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The Global Offshore Rig Market Could Reach 96% Capacity Utilisation in 2024

Analysis from Westwood Global Energy Group predicts the overall outlook for the offshore rig market to remain “highly optimistic”, with more availability within the first half of 2024.

Even with that expected higher availability, Westwood said an anticipated increase in demand will lead to high marketed utilisation resulting in a limited choice of rigs for new deals.

This could lead to more sublet activity as well as potential delays to planned campaigns if additional rigs are not added to active supply, Westwood said.

While the increase in demand is good news for rig owners, it could further reduce options for North Sea operators already contending with an exodus of oil rigs seeking better prospects elsewhere.

Last year, a North Sea drilling industry body also warned UK renewables projects were at risk if rigs continued to depart the region.

Increased rig availability in early 2024

In addition to the current warm-stacked (available) supply, which includes 27 jackup rigs, three drillships and eight semisubmersibles, there are a further 18 jackups, four drillships and five semisubs set to finish up their current contracts in Q1.

While Westwood said semisub activity is generally quieter in the winter months in the UK and Norway, drillships are “showing more potential availability than has been recorded since September 2021”.

Westwood said it is likely that most, if not all, of these ships are being bid on new opportunities with some likely close to securing new deals.

Meanwhile in the jackup segment, Westwood the majority of rigs set to become available are in Mexico, the Middle East and Southeast Asia, with several likely to be offered extensions with their current operators.

This spike in rig availability is likely to be a short-term fluctuation according to Westwood, with operators yet to finalise their budgets and drilling plans for 2024.

With operators increasingly tending towards larger and longer term contracts, firms are taking more time to settle on suitable rigs and finalise deals.

According to Westwood, there are a total of 46 projects with a firm duration of two to five years with start dates from 2024 to 2026, with some contracts which could last up to 10 years.

As a result, Westwood said it predicts further growth in demand and utilisation in 2024 with India, Southeast Asia, South America and West Africa all expected to be “important drivers behind further expansion”.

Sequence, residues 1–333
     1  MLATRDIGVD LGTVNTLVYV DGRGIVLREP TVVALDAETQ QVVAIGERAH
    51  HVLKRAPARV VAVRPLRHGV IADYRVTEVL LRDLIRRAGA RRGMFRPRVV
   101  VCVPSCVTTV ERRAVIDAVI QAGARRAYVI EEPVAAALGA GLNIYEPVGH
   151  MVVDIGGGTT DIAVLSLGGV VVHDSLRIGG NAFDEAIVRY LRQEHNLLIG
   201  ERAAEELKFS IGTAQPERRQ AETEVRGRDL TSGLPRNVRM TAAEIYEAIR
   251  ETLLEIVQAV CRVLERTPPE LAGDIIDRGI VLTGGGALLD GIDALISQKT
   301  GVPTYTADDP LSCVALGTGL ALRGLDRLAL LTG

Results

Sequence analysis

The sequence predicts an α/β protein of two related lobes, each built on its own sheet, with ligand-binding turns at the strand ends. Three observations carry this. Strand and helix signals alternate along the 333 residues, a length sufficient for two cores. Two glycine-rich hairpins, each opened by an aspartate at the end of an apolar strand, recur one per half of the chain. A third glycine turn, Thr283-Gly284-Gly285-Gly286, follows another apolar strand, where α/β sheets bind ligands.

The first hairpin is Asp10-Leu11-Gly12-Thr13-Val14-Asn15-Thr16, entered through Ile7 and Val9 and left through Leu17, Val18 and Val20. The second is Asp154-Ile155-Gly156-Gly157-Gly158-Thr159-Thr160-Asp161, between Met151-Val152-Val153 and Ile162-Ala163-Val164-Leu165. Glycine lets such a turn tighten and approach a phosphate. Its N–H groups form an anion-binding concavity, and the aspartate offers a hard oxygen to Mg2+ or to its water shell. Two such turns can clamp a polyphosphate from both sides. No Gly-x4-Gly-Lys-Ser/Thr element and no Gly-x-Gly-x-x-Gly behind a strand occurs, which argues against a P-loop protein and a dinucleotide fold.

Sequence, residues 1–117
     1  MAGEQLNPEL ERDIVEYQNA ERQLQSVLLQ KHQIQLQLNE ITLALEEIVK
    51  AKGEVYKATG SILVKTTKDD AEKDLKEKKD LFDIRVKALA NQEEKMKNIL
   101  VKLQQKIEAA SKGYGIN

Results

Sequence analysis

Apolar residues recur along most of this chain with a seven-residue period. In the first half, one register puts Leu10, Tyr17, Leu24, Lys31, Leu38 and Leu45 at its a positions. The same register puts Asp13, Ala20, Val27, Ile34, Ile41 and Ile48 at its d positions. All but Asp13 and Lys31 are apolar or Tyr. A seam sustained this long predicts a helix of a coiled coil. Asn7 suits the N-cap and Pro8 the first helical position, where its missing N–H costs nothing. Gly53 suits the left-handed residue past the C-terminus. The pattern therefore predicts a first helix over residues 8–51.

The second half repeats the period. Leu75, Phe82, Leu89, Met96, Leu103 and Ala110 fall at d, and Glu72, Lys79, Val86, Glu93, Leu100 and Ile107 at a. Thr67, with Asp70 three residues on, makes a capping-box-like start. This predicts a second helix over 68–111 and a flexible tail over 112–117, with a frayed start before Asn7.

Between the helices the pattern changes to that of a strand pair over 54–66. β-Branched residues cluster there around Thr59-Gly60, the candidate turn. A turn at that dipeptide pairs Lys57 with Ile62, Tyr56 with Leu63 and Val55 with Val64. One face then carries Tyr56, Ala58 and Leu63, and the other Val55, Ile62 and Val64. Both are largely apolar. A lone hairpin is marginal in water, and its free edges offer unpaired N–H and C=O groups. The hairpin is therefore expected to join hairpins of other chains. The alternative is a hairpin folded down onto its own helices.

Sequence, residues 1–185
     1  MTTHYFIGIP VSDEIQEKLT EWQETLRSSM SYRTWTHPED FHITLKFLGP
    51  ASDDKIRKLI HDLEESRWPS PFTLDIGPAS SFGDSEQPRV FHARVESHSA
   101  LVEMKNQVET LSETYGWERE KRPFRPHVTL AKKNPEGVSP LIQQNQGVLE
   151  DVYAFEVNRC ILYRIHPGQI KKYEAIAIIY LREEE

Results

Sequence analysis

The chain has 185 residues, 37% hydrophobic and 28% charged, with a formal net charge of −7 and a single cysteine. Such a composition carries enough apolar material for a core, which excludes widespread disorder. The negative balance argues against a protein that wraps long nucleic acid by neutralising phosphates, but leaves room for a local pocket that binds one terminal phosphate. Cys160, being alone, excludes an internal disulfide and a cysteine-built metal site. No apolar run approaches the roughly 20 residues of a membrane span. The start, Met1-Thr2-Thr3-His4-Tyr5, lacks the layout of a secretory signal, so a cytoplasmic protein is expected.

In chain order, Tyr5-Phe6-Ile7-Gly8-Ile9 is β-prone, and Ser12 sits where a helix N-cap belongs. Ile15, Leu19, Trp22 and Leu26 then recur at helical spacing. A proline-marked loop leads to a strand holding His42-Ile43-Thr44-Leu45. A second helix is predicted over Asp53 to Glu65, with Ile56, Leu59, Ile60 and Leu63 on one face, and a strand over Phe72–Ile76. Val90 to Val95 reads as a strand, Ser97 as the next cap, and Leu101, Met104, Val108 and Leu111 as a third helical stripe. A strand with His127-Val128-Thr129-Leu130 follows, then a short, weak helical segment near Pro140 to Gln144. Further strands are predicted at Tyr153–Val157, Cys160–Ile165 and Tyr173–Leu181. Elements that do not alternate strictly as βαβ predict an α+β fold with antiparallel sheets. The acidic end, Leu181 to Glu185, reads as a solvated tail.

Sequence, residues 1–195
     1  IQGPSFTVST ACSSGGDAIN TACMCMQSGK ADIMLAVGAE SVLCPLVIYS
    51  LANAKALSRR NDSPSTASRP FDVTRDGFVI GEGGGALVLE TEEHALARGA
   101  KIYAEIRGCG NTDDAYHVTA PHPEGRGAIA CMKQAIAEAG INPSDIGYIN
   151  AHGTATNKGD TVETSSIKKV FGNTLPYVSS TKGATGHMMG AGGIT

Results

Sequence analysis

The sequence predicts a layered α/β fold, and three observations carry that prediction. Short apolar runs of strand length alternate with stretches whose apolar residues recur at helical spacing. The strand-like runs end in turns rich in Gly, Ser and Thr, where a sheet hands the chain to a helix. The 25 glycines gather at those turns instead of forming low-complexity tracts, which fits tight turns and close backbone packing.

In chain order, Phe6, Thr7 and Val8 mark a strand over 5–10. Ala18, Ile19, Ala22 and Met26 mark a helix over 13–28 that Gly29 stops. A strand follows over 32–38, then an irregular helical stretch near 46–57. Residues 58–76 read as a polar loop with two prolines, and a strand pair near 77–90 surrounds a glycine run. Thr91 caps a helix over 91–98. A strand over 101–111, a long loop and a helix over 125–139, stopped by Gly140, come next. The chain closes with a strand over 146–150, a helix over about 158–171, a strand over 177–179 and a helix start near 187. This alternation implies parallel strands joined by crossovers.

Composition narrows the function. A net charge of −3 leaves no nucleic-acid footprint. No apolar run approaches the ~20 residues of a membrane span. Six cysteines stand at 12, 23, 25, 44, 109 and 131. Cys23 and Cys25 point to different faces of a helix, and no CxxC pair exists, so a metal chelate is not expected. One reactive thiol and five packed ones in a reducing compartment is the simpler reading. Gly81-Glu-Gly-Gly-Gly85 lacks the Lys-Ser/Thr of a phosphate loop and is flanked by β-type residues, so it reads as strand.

In total, this is forecast to result in demand growth of up to 36 rigs year-on-year and a 3% increase in global marketed utilisation.

Newbuild rigs to remain “highly sought after”

While 2024 will see an increase in demand for rigs, Westwood said it does not expect a wave of new construction orders as drillers “continue to focus on financial prudence”.

However, Westwood said expects further supply will be added through reactivations and newbuild rig deliveries despite a decrease in such deliveries by 64% in 2023 in comparison to 2022.

Newbuilds will remain “highly sought after” in 2024, with companies including Valaris and Borr Drilling having already announced plans to take delivery of newbuild rigs, some of which have been delayed in yards for as long as a decade.

Westwood said newbuilds and stranded assets will remain in demand “due to their modern and high-tech calibre”, with 16 jackups, five semis and 11 drillships currently in shipyards with no contracts yet in place.

According to Westwood analysis, there are approximately cold-stacked 14 jackups, 12 drillships and 12 semis which could also be looked at as reactivation candidates.However, inflation and supply chain constraints have increased the time and costs associated with reactivating rigs, meaning these options are “not an easy or quick fix for supply concerns”.

Increased day rates

2023 brought an increase in dayrates for jackups, semisubs and drillships, with some floating rig types reaching rates at or above $500,000 per day.

While Westwood analyst Teresa Wilkie said these market leading rates are a “positive sign”, particularly for rig owners and managers that have grappled with low dayrates since 2014, they are unlikely to be the norm for long-term contracts starting in 2024.

“Ultimately, with the ever-tightening supply/demand balance, costly reactivation and new construction economics as well as inflationary pressures, Westwood expects dayrates to continue their northward trajectory in 2024 across the board,” Ms Wilkie said.

“With that in mind, we predict that operators will continue locking in rigs earlier for their contracts in a bid to secure the right assets at as low a price as possible.”


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